My hypothesis is probably absolute lunacy, but then, so is Roberts' notion that the Israeli-Palestinian conflict can teach us anything about immigration. If anything, Israel is a lesson on how not to handle immigration. After all, both Israel and its rivals within the Arab world, especially Iraq and Jordan face angry hordes of Kurds and other minority ethinicities who have been treated shabbily at best, and in most cases, slaughtered ruthlessly. Perhaps if these Middle Eastern nations embraced the concept of the melting pot, they wouldn't have so many angry ethnic terrorists within their borders. More importantly for our anti-terrorist efforts, the United States would be able to remove Saddam Hussein from power without the possibility of Iraq being divided into warring ethnic fiefdoms.

But Roberts would never argue that. No, no, no. Like most rabid anti-immigrationists, it would actually expose his arguments for what they are--mere bigotry.

"THERE IS AN OVER ABUNDANCE OF FOOLS IN THE WORLD. BIDDLE IS ONE OF THEM": Strong words from Paul Craig Roberts--via one of my sources--over my April 16 post trashing his repugnant anti-immigration screed disguised as Israeli-Palestinian conflict commentary in VDare.com. Oooh, it hurts sooo--little. After all, I've been called worse by all kinds. But I'm perplexed: What is so foolish? My judgement of his column on its own terms--and finding it lacking in so many ways? Or Roberts piece, whose statements, including that "Mexican provinces" line, so borders on bigotry that it probably wouldn't make the pages of National Review, that bastion of anti-immigrant conservatism? I'll let you decide for yourselves--and let you know if Roberts has any additional responses. But while I'm at it, let's not forget another anti-assimilationist element in American intellectual thought: The'multiculturalist' left, whose worldview is just as repugnant as that of the VDare crowd. The only difference is that instead of closing the borders, they work to banish the memory of the dead white men who helped develop the melting pot in the first place, replace equal opportunity with race-based systems and expouse the conceit that all cultures are equally good--which as proven by the Middle East conflicts, just isn't so.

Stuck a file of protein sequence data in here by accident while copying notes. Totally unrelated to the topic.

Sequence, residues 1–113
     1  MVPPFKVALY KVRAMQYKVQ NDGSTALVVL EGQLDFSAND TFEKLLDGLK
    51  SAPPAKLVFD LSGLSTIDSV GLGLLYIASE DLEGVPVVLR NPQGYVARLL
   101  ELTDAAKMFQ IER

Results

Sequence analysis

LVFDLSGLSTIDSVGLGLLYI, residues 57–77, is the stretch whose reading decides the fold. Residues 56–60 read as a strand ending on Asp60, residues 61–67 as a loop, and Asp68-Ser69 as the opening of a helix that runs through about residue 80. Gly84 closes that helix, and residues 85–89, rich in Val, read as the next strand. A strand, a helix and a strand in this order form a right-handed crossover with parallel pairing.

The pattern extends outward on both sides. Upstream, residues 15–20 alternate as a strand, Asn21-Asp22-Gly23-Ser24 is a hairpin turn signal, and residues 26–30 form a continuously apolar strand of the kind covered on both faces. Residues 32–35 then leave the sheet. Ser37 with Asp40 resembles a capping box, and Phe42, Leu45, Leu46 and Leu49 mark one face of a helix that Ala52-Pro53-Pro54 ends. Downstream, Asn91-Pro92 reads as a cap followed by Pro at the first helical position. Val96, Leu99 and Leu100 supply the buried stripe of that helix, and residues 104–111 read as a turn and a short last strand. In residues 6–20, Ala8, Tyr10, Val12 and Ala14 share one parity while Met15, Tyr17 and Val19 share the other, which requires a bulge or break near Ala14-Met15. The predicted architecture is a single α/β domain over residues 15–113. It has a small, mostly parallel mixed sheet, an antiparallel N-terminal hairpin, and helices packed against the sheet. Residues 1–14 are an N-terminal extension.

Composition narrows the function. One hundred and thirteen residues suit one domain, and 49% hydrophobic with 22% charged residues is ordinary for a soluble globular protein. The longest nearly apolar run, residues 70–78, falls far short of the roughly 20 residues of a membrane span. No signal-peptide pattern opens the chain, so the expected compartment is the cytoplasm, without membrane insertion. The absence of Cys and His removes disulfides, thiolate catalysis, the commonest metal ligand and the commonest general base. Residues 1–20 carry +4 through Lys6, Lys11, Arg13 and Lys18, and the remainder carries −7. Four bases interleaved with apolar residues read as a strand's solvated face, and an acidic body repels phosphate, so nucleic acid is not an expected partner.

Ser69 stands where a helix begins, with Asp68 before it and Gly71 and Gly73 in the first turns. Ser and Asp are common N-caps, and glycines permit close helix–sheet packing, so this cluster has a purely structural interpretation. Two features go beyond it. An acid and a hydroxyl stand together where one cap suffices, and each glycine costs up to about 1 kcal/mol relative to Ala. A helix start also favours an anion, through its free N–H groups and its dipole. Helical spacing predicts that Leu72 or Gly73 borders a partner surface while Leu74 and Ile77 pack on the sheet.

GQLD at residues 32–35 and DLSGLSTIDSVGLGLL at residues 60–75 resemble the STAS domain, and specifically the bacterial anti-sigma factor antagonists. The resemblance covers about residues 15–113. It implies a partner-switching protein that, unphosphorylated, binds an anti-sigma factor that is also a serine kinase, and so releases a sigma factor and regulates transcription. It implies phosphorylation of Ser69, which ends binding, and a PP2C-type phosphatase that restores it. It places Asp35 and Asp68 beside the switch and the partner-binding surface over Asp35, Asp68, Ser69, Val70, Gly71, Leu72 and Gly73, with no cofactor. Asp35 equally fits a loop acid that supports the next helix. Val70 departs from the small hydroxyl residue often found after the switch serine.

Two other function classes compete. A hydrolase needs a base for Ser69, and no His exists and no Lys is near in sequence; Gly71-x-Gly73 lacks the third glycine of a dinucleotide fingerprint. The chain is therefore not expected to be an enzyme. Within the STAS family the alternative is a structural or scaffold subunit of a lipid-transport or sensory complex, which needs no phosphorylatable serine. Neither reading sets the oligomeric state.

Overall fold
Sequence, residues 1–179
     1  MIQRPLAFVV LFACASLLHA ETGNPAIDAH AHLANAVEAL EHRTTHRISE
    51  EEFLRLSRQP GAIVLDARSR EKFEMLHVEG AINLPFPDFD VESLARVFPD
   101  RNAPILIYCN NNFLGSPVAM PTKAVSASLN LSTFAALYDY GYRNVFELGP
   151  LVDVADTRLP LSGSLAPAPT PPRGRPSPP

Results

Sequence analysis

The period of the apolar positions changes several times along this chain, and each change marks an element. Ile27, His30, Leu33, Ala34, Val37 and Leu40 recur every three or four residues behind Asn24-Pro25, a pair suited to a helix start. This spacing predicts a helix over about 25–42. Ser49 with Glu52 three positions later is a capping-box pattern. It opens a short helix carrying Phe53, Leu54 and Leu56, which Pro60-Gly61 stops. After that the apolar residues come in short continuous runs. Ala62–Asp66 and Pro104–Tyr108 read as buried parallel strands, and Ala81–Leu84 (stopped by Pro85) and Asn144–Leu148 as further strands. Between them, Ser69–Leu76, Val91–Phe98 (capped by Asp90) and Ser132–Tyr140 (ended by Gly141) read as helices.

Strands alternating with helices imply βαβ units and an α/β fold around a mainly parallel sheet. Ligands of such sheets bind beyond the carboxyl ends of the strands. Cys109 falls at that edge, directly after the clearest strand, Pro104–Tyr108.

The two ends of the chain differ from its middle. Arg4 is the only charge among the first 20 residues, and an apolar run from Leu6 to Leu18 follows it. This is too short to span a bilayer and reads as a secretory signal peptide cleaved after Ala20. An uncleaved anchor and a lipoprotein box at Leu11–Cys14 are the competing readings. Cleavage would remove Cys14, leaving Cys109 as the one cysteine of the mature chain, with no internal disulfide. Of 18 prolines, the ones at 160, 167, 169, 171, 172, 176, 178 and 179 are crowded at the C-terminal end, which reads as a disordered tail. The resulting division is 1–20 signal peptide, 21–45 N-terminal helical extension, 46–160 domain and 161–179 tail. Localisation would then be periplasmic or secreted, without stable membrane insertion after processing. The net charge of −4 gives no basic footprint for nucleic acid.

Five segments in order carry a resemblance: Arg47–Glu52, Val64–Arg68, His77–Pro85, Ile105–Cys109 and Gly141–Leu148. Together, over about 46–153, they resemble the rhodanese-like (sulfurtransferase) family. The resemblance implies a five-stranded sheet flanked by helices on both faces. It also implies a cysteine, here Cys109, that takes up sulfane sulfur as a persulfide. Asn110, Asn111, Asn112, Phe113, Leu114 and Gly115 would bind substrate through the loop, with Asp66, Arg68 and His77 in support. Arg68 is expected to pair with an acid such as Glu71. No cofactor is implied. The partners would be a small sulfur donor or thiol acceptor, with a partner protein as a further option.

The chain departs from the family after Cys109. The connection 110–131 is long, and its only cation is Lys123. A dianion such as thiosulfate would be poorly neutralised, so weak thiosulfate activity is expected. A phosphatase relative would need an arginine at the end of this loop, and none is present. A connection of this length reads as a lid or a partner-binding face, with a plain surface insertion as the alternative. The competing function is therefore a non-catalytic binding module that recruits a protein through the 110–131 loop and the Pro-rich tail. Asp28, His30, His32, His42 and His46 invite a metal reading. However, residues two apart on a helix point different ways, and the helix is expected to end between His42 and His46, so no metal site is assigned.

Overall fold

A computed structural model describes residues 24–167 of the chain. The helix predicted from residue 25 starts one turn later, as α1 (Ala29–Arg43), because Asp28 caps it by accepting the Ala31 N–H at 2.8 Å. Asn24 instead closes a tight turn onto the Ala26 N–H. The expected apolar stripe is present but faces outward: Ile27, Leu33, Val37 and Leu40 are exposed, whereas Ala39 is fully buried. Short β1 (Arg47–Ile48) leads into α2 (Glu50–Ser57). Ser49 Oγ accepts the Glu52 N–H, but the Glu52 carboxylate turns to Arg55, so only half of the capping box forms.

Nov. 1, 2007

I once wrote that RiShawn was the only darkie in a room of pale faces (at a panel at AFI). He reproved me for the word "darkie." He said it was racist. I removed the word.

Biddle worked at Forbes. He was fired when his notes couldn't substantiate one of his stories (quotes). He went to the Los Angeles Business Journal and then to the Indianapolis Star as an editorial writer.

Richard Prince writes:

An African American editorial writer for the Indianapolis Star was ousted late Wednesday, five days after he wrote a racially charged blog posting blasting the city and county council president, who is also African American.

The newspaper's editor, Dennis Ryerson, removed the posting by RiShawn Biddle Wednesday and apologized to readers.

Then, at 5:30 p.m., Tim Swarens, editor of Opinion and Community Conversations, sent this one-sentence note to the staff of the Gannett newspaper:

"Effective immediately, editorial writer RiShawn Biddle is no longer employed by The Indianapolis Star."

Riddle's blog entry was titled, "The Indianapolis Black Democrat minstrel show."

It was originally called "Coons for Power," judging from the Web address for the blog entry, which uses those words, and according to the Indianapolis blogosphere.

One blogger wrote that the piece originally compared the council president to "Zip Coon, a derogatory, racial slur on black men dating to the days of slavery."

In the version that remains elsewhere on the site, one that Biddle writes "was revised by yours truly to better reflect the overall point," he says:

"Then there's the embarrassing spectacle that is Monroe Gray, whose tenure as city-county council president is being marked by a lack of decorum during council sessions, the videos of himself on YouTube and responses to allegations of corruption that wouldn't be acceptable to a child who claimed his dog ate the homework. His act epitomizes the lack of seriousness some Black politicians show in their work; it's just inexcusable.

"If I hadn't seen this with my own eyes over the past three years, I would have thought they came straight out of 'Scrub Me Mama with a Boogie Beat.' I don't know any powerful Black people like that. Do I? Sadly, we do. Before our eyes stand men and women charged with serving the citizens of this city behaving badly, awfully, arrogantly, as if they didn't receive any home-training."

...Blogger Ruth Holladay, a former Star columnist, wrote Wednesday night:

"A larger issue is the Star's horrendous history with hiring and retaining black journalists under Gannett: Michael Dabney, an editor, resigned or was fired over a problem with his license not being renewed — Dabney landed at NUVO," the alternative weekly, "and is the president of the Indianapolis Association of Black Journalists; Michael Rochon, extremely talented, a young cop reporter and a personal favorite, was fired rather than helped for a substance abuse problem — he later died at home in Philadelphia; Kim Hooper and Courteney Edelhart left to take better jobs; James Patterson, an editorial writer whom Biddle replaced, was fired — he and Lisa Coffey have a lawsuit against Gannett."